Nine LivesA Chef's Journey from Chaos to Control

A rising young chef lays bare his gripping story of culinary triumphs, consuming drug additions, and his continuing quest to stay on top while staying sober.


At twenty-six years old, Brandon Baltzley was poised for his star turn as the opening chef at Chicago’s hotspot Tribute. People called him a prodigy—the Salvador Dali of cooking—and foodie blogs followed his every move. Instead, Brandon walked away from it all and entered rehab to deal with the alcohol and cocaine addiction that had enslaved him most of his adult life.


Brandon grew up in the South with no father and an addict mother. At eight, he was prepping vegetables in the back of a gay bar. From there, he went on to deep-frying with Paula Deen to cooking in an array of Michelin-starred restaurants, including Grant Achatz’s world-renowned Alinea. In between, he was touring the country with his heavy metal band, Kylesa—and doing his first stint in rehab.


Like Gabrielle Hamilton’s Blood, Butter and Bones, Brandon’s Nine Lives is about blazing a way out from a rough childhood through talent and an unbridled passion for the craft of cooking. A story that’s still being written as Brandon begins work at Crux Restaurant in Chicago, Nine Lives serves up a raw and riveting memoir about food, rock-and-roll, and redemption.




“Baltzley has a clear passion for food, which will attract readers drawn to the personalities behind the dishes, but his eye-openingly honest account of drug addiction clearly separates his story from most foodie memoirs… After following Baltzley on his breakneck trip through both high-end and middle-of-the-road restaurants across the country, readers will wonder what this unusual chef’s next life will bring.”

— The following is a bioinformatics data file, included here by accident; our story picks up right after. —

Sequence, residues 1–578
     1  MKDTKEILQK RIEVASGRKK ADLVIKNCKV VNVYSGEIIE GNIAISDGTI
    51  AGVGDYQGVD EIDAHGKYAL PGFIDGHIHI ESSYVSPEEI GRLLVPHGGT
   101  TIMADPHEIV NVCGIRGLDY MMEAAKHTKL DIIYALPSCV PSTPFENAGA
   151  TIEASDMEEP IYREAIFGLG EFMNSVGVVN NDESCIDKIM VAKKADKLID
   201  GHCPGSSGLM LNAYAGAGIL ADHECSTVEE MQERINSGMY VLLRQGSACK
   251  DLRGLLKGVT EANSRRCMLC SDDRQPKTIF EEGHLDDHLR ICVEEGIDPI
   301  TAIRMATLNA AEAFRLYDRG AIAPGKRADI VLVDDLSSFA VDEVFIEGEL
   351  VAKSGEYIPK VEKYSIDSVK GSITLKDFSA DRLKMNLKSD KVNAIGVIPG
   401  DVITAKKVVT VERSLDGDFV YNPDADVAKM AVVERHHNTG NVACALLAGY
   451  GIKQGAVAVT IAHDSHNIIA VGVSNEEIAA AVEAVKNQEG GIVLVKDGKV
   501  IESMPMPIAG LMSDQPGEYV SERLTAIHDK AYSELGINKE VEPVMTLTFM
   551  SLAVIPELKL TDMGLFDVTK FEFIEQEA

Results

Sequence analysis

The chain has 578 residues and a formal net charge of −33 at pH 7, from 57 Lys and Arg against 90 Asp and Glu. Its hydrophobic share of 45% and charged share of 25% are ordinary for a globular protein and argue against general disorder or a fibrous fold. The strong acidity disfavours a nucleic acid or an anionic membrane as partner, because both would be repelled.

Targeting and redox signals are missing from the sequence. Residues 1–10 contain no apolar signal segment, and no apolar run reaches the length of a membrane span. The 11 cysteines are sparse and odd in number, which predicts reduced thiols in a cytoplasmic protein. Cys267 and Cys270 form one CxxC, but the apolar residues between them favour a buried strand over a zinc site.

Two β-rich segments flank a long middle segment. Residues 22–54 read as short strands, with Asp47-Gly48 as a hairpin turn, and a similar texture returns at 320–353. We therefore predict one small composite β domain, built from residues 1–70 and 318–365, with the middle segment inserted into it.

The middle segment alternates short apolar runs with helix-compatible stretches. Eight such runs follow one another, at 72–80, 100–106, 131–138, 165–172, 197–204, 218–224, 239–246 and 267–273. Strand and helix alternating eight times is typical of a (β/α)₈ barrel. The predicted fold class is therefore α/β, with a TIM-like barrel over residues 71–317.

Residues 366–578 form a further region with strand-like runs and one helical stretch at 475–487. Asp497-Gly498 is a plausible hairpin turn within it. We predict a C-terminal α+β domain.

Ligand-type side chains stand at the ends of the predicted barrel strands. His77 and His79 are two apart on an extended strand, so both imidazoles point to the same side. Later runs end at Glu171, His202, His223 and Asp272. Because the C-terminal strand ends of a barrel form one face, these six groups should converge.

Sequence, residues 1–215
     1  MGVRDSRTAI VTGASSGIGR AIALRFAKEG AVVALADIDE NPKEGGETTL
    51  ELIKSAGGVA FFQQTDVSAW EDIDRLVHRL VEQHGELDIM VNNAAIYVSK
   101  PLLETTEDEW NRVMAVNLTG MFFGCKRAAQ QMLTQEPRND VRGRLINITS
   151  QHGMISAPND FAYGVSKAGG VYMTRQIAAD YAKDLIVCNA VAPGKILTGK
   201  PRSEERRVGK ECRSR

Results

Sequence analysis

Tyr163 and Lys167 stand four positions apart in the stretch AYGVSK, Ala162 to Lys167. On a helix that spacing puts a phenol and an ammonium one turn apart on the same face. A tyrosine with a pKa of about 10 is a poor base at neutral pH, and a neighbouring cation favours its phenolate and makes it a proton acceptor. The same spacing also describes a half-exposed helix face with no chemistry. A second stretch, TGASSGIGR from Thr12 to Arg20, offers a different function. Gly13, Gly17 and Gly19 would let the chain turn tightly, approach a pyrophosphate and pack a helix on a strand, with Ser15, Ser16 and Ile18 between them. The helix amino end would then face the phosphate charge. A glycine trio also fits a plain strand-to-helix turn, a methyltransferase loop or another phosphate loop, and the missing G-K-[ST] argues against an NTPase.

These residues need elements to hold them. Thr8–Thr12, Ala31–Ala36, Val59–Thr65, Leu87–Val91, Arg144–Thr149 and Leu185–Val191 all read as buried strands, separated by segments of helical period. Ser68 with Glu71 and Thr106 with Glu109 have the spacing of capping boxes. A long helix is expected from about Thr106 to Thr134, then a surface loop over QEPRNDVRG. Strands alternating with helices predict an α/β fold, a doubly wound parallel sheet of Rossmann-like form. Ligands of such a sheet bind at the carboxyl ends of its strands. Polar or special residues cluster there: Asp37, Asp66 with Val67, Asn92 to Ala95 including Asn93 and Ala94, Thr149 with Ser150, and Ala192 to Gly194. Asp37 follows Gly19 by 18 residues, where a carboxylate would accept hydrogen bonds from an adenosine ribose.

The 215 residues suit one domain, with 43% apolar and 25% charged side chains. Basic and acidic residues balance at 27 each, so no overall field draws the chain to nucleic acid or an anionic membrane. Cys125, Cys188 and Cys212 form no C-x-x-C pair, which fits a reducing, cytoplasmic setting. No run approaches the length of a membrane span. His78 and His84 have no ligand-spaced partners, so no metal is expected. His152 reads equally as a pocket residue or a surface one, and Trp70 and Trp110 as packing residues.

“Nine Lives is a compelling story of perseverance and the power of food. I’m honored to have been a part of Brandon’s journey.”
—Wylie Dufresne, Chef /Owner of wd-50, Alder


“Nine Lives is a cool mix of food and drugs. Baltzley’s story is captivating. His voice is raw and honest. Makes you hungry, and repulsed all at the same time–but in the best way possible. The frenetic energy in his life is captured by the bullet train fast narrative. A great work of art.”
—Nic Sheff, best-selling author of Tweak and We All Fall Down


“Nine Lives is a compelling story about my industry and the perils of its least endearing ingredient, addiction. It’s a crazy journey through the life of Brandon Baltzley, a phenomenally talented, self-taught, but self-destroying, chef. Poignant, heartbreaking, funny and ultimately victorious, it’s a story about being happy with yourself, which is sometimes harder than any dish you can cook. Life, like food, is easy to fuck up.”
—Hugh Acheson, James Beard Award winning chef and author of A New Turn in the South


“If James Frey and Anthony Bourdain had a love child, Brandon Baltzley would be their delightful and devilish spawn.”
—Michael Nagrant, Chicago Sun-Times food critic and contributor to the Alinea cookbook

By the time I was in middle school, my mom no longer owned the Whistle Stop, and I wasn’t much interested in hanging around making turkey chowder with her. I’d started spending most of my time with a group of four guys: Michael, Scott, Trey, and James. We were like most kids hanging out in Jacksonville those days—we skateboarded, we listened to punk rock and hardcore, went to shows, and liked to get into trouble. We spent most of our weekday afternoons hanging out in Trey’s garage, practicing covers for our punk-noise band, but on weekends, we were always at my house. We would stay up to the crack of dawn, maybe sleeping for only an hour, after inevitably sneaking the occasional beer and cigarette from my mother’s stash over the course of the night. When the sun rose, we would skate over the Cedar River Bridge, into strip mall parking lots or closed banks.